The smartest insight and analysis, from all perspectives, rounded up from around the web:
"You'll soon be paying more in taxes for online purchases," said Ben Fox Rubin at CNET. The Supreme Court ruled 5-4 that states can force retailers beyond their borders to collect sales tax revenue from consumers, overturning a decades-old decision that only required companies to collect sales tax in states where they had a physical footprint. All this time, if retailers didn't collect sales tax, consumers in, for instance, New York were ostensibly responsible for sending in the necessary taxes if they bought a product from a company in, say, Utah — "something that most people never do." Brick-and-mortar retailers rejoiced at the South Dakota v. Wayfair ruling, saying the court had finally "leveled the playing field," said Joyce Rosenberg at the Associated Press. But the change also angered many small online businesses, which say their expenses and compliance costs could now skyrocket, because they will be responsible for sales tax in some 10,000 state and local jurisdictions nationwide.
It's about time this bizarre loophole was finally closed, said Josh Barro at Business Insider. In 1992, when SCOTUS first ruled on the issue, mail-order sales totaled roughly $180 million. Last year, digital retailers sold half a trillion dollars' worth of goods. States have been losing out on an estimated $8 billion to $33 billion in uncollected revenue per year. Ensuring our tax system is "a little less broken" is a positive outcome for all of us, "even if it means missing out on deals from time to time." However, "this doesn't mean that websites will all of a sudden start collecting sales tax," said Alana Semuels at The Atlantic. So far, this ruling only covers South Dakota, which passed a law requiring retailers that sell $100,000 worth of goods in the state, or process more than 200 separate sales, to collect tax. It's still unclear what the implications are for other states, or for "the people who shop in them." Thirty-one states currently have internet taxation laws, but their rules "may be more restrictive than South Dakota's law, and so may not hold up in court."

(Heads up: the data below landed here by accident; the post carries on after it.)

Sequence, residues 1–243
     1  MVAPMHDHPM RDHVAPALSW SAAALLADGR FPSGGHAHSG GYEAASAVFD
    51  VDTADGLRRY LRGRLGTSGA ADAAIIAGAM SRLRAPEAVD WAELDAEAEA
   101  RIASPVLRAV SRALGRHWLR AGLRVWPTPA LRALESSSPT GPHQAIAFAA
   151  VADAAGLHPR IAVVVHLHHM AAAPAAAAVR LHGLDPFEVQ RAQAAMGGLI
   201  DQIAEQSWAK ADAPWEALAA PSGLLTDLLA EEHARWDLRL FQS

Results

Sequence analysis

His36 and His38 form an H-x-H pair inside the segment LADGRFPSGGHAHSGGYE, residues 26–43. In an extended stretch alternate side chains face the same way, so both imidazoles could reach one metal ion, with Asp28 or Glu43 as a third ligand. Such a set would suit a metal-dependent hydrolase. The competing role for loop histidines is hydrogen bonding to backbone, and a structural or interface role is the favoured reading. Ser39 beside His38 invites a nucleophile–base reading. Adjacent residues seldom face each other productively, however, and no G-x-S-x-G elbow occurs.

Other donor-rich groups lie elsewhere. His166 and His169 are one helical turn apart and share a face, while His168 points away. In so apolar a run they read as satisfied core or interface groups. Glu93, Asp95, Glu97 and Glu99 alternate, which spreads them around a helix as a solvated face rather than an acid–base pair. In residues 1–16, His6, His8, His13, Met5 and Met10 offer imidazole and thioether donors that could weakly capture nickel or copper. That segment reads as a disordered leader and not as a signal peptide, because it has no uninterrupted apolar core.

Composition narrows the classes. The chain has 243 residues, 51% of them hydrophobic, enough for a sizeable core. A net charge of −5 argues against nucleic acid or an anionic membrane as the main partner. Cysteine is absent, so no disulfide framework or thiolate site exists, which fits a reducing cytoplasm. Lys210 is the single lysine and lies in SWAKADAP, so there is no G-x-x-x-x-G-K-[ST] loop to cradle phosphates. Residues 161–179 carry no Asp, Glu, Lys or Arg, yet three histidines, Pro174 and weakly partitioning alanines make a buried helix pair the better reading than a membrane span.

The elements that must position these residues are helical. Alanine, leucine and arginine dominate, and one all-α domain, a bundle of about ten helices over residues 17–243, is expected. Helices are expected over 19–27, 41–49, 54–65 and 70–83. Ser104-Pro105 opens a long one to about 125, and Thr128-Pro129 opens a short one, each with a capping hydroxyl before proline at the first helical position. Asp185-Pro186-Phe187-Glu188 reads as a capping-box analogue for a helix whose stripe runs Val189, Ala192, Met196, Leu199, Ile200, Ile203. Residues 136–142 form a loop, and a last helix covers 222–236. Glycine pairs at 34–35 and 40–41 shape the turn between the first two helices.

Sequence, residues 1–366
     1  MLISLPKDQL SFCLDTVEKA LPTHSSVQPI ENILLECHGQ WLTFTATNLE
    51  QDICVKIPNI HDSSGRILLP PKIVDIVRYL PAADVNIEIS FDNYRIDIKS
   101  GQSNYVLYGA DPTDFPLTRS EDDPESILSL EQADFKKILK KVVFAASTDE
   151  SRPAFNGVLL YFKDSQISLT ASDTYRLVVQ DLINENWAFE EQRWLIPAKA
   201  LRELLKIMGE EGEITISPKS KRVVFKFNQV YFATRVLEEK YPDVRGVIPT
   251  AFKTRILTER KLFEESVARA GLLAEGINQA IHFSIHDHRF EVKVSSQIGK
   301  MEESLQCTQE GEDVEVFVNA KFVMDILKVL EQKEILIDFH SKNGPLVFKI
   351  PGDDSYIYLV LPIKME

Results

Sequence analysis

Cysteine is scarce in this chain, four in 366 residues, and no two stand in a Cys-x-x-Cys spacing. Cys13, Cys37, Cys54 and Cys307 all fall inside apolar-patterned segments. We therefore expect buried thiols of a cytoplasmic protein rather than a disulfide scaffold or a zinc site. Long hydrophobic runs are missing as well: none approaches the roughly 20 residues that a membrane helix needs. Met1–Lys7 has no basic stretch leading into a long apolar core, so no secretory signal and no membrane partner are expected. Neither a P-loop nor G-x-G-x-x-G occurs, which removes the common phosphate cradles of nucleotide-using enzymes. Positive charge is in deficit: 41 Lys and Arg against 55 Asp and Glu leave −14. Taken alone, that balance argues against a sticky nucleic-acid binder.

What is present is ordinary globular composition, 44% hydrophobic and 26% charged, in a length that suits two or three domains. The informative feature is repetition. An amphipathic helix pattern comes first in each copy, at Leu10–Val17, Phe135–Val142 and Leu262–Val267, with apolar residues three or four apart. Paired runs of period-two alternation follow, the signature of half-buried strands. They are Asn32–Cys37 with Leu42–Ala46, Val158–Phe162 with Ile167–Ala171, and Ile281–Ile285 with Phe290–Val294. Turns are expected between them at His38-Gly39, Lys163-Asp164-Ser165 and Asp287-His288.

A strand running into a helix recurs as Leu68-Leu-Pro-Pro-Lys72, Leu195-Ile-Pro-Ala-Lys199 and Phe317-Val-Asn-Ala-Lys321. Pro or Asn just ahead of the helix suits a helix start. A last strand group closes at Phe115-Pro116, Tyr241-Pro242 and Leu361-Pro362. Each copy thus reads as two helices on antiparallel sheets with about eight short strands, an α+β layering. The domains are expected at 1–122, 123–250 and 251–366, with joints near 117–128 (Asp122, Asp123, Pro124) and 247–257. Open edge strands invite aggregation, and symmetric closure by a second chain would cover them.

Lest you think Amazon is now in trouble, I expect CEO Jeff Bezos will "lose zero sleep," said Jordan Weissmann at Slate. "The fact is that plenty of big players in online retail were already collecting sales tax on many, if not most, of their sales." That includes Amazon, which applies sales tax on all the items it sells directly to customers. It didn't always do so, and you can argue that its years-long tax dodge was key to its incredible growth. But as it has expanded, "its vast network of fulfillment centers" has made the company subject to states' tax jurisdiction. That's one reason this decision "won't fundamentally change Americans' shopping habits." But it did hand Amazon another opportunity "to squash potential competitors," said James Freeman at The Wall Street Journal. The businesses most hurt by this ruling will be the millions of small-business owners who sell on marketplaces like Amazon, eBay, and Etsy, who now have to navigate thousands of different tax rules. That's yet another advantage for Amazon, which could find a new opportunity in offering mom-and-pop online shops a tax-collection service — for a fee, of course. Just one more way "Washington is now helping the tech giant prevent upstarts from challenging its position."